A primary requirement of the Flux Coupler is to ensure that conservative properties, such as momentum, heat and freshwater, are neither created nor destroyed as they are exchanged between CSM model components. Satisfying this requirement is the cause of much of the code's complexity, expecially in the usual case of different resolutions in the component models. Often the resolution of the ocean component is finer than that of the atmospheric component. Heat is not conserved if the long wave radiation in the atmosphere component uses the average sea surface temperature (SST), while in the ocean it uses individual grid point SSTs, because this flux is proportional to SST**4 . Another problem arises when an atmospheric grid box covers both land and ocean, and fluxes are first computed on the larger atmospheric grid and then interpolated to the finer ocean grid. If a large land roughness is used to compute the windstress, then interpolated coastal ocean windstress will be considerably higher than it should be. This procedure can lead to unrealistic coastal ocean circulations. Care must also be taken when high albedo sea-ice and low albedo open ocean are both present below a single atmospheric grid box.
The approach taken by the Flux Coupler to get around these problems is to compute the interfacial fluxes on the finest of the model grids. Then, for example, the roughness value in an ocean grid box will be that for the ocean, which means that the coastal wind stresses are not overestimated. Also, longwave radiation on the fine grid can be conservatively accommodated over the coarser grid. In general, this means that the spatial information of the finest model is retained and reflected in the interfacial fluxes rather than the fluxes being computed on the coarsest grid. This is accomplished by sending the necessary interfacial fields from all the component models to the coupler. Those on the coarsest grid, usually the atmosphere, are then interpolated to the finest grid, usually the ocean. The fluxes are then calculated on the finest grid. These are then ready to be sent to those models on the finest grid. The fluxes have to be averaged onto coarser grids before being sent to the component models with the coarse grid. This is the general procedure, but there are several special cases that must be accommodated. For example, net downward solar radiation and precipitation are both interface fluxes, but are both calculated internally in the atmosphere. These fluxes are passed to the coupler and are interpolated to the finest grid in a conservative manner before being passed onto the ocean or ice. In the present configuration, both the sea-ice and ocean models are on the same grid, which simplifies what the present version of the Flux Coupler does, but is not a general requirement of the ocean and sea-ice models.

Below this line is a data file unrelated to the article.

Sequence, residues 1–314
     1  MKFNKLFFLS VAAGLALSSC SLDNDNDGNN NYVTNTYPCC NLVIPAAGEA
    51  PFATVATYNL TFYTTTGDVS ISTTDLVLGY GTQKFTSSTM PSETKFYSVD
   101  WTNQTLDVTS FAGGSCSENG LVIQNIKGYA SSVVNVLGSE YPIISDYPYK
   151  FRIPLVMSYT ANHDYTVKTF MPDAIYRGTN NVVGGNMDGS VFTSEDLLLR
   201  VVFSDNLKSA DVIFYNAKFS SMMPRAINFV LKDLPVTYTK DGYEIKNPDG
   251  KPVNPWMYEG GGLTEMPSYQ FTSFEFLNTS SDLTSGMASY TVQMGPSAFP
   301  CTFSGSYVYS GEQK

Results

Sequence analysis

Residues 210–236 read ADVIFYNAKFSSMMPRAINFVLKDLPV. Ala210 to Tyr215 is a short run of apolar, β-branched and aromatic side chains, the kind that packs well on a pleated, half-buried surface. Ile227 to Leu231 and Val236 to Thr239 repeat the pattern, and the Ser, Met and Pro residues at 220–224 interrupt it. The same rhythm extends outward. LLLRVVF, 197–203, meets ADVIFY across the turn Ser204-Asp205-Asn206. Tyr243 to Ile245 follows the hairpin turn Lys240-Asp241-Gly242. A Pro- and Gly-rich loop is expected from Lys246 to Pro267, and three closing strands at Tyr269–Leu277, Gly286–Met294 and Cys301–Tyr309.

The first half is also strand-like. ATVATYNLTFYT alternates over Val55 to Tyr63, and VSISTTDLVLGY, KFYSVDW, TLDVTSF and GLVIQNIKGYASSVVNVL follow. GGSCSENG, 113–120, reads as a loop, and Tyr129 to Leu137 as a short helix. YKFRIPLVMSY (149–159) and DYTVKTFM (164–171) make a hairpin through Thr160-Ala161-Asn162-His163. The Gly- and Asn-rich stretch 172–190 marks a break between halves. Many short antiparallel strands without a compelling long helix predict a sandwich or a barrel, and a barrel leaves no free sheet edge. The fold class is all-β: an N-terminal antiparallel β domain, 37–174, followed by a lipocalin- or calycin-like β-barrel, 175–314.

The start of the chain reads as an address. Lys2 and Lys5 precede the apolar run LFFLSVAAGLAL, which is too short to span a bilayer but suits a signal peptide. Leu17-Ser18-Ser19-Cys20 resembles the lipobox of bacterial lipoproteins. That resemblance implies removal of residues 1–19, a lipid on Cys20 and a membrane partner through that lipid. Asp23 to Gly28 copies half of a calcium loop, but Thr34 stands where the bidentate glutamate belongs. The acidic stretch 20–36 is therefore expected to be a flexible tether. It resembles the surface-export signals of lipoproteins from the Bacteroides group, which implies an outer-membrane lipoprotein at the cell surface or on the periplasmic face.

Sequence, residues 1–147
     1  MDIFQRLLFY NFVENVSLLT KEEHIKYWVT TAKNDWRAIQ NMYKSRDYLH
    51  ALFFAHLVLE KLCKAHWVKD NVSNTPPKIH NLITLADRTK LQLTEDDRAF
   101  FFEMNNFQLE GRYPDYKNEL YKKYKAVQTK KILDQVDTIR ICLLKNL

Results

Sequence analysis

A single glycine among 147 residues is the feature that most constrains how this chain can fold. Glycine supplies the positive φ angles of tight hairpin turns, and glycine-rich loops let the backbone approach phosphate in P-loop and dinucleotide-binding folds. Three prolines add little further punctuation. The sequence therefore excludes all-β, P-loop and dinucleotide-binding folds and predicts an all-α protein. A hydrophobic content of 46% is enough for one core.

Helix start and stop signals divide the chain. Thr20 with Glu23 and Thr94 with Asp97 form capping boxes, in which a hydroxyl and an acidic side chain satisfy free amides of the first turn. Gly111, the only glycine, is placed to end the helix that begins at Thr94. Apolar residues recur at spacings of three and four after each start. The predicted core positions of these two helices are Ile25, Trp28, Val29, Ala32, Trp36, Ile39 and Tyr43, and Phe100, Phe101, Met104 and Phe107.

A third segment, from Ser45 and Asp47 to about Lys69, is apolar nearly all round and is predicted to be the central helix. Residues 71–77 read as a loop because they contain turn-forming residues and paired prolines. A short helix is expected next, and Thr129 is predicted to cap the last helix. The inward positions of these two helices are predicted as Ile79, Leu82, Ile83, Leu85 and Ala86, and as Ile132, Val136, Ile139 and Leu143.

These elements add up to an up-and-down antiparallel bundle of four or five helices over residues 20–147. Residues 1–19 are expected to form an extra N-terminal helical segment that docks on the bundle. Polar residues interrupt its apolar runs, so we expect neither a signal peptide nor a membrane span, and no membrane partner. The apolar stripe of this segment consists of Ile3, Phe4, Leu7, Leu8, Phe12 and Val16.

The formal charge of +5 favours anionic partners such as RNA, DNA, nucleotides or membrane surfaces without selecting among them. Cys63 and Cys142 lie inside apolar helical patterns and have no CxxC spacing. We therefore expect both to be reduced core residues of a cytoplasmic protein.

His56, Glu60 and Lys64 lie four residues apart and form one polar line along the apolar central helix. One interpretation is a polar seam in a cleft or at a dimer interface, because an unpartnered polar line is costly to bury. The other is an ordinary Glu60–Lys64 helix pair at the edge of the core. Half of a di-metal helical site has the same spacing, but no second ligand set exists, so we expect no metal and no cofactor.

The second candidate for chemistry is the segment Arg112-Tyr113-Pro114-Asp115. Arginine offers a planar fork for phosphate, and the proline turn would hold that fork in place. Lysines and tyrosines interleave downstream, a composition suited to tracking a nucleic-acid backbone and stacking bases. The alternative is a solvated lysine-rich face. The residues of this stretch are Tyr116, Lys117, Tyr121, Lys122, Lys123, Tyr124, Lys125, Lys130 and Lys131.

Considerable care has been taken so that the calculated interfacial fluxes of heat and fresh water are conserved numerically. Then the total heat leaving the base of the atmosphere matches that being received by the land, sea-ice and ocean models. Thus, the heat content of the climate system is conserved, providing none is gained or lost to the top of the atmosphere. Fresh water is conserved assuming the land model and ocean components both make use of the available functionality for river run-off routing. If this is not the case, a short term partial fix is available as an option in the Flux Coupler to overcome this problem. It is to balance globally averaged precipitation and evaporation over open ocean and sea-ice regions.
Included in this document is pseudo-code of the flux coupler. This code provides a specific description of the top level structure of the coupler, and indicates the ways in which component models will interface with the coupler. This pseudo-code is not necessarily intended to describe a final design of a CSM flux coupler, but rather a simplified design for the initial CSM release.